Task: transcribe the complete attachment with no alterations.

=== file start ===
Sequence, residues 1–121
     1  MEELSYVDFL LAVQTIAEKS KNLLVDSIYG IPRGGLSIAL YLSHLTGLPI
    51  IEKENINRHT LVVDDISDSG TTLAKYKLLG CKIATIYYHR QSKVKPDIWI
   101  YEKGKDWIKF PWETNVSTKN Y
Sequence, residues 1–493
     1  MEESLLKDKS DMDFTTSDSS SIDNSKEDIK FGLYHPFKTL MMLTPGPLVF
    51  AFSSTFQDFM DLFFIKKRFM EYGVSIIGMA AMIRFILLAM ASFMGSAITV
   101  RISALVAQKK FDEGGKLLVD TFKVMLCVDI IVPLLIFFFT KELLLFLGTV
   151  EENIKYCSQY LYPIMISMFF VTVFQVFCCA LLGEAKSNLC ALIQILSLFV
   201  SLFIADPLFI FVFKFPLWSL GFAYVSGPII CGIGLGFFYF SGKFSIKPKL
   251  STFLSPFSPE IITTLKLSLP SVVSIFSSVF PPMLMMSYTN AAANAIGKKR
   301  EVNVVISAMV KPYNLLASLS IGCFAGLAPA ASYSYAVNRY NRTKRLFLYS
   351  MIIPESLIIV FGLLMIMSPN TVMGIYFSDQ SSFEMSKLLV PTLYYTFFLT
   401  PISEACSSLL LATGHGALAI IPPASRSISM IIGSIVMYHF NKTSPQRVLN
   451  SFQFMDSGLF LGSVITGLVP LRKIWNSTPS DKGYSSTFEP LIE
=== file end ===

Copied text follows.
Sequence, residues 1–121
     1  MEELSYVDFL LAVQTIAEKS KNLLVDSIYG IPRGGLSIAL YLSHLTGLPI
    51  IEKENINRHT LVVDDISDSG TTLAKYKLLG CKIATIYYHR QSKVKPDIWI
   101  YEKGKDWIKF PWETNVSTKN Y
Sequence, residues 1–493
     1  MEESLLKDKS DMDFTTSDSS SIDNSKEDIK FGLYHPFKTL MMLTPGPLVF
    51  AFSSTFQDFM DLFFIKKRFM EYGVSIIGMA AMIRFILLAM ASFMGSAITV
   101  RISALVAQKK FDEGGKLLVD TFKVMLCVDI IVPLLIFFFT KELLLFLGTV
   151  EENIKYCSQY LYPIMISMFF VTVFQVFCCA LLGEAKSNLC ALIQILSLFV
   201  SLFIADPLFI FVFKFPLWSL GFAYVSGPII CGIGLGFFYF SGKFSIKPKL
   251  STFLSPFSPE IITTLKLSLP SVVSIFSSVF PPMLMMSYTN AAANAIGKKR
   301  EVNVVISAMV KPYNLLASLS IGCFAGLAPA ASYSYAVNRY NRTKRLFLYS
   351  MIIPESLIIV FGLLMIMSPN TVMGIYFSDQ SSFEMSKLLV PTLYYTFFLT
   401  PISEACSSLL LATGHGALAI IPPASRSISM IIGSIVMYHF NKTSPQRVLN
   451  SFQFMDSGLF LGSVITGLVP LRKIWNSTPS DKGYSSTFEP LIE